In autumn, after the corn and apples and potatoes are picked, some farmers harvest an additional cash crop from hayrides, zombie-themed attractions, corn mazes, haunted houses and petting zoos — all major fall- and Halloween-themed staples this time of year.
For example, look at the cannon that launched pumpkins at images of political figures worthy of the shooter’s contempt, said Rusty Rumley, senior staff attorney, National Center for Agricultural Law, University of Arkansas.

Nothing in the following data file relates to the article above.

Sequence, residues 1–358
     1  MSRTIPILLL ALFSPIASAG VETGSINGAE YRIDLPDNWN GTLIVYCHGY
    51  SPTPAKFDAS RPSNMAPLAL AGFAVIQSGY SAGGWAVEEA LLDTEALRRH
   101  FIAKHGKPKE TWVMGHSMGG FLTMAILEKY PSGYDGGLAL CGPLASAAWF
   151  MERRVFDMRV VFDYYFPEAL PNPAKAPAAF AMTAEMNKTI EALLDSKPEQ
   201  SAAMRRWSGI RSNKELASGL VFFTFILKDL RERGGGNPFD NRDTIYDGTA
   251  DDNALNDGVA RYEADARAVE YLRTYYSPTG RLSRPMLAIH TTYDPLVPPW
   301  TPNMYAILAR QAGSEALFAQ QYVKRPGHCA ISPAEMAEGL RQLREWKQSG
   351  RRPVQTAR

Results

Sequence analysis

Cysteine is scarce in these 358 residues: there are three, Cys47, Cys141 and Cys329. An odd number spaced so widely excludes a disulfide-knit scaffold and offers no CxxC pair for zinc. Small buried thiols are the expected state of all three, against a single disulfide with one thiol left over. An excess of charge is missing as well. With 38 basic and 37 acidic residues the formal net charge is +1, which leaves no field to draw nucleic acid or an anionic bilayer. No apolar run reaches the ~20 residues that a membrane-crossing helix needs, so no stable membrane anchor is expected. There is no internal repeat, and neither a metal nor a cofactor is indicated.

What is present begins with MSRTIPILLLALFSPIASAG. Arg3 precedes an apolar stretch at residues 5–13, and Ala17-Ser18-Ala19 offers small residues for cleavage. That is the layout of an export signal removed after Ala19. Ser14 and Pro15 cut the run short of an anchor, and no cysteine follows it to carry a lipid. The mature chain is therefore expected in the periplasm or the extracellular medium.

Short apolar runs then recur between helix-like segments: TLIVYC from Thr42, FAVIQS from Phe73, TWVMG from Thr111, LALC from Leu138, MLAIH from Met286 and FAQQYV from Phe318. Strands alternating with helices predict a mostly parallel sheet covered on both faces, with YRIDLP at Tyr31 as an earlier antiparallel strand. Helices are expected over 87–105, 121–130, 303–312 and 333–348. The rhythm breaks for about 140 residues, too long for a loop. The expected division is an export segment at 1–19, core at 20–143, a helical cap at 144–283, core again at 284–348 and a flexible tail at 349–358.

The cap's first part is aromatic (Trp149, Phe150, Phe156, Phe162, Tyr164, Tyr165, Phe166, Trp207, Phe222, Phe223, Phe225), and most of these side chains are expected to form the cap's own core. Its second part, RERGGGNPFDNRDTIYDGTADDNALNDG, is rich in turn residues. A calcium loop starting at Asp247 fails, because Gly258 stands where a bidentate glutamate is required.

Operators tend to be creative people, he said, and may rush to put their ideas into action without pausing to consider risk before the brief harvest festival season ends. “Building a giant potato gun that fires pumpkins 100 yards down a field was a great idea, but did it fall under the insurance policy?” Rumley asked. “Probably not.”
“There are dangers for carriers,” said Kevin Morency, president, Morency & Associates. “Someone gets hurt on the premises, and state laws in most states limit liability due to inherent risk associated with a farm.”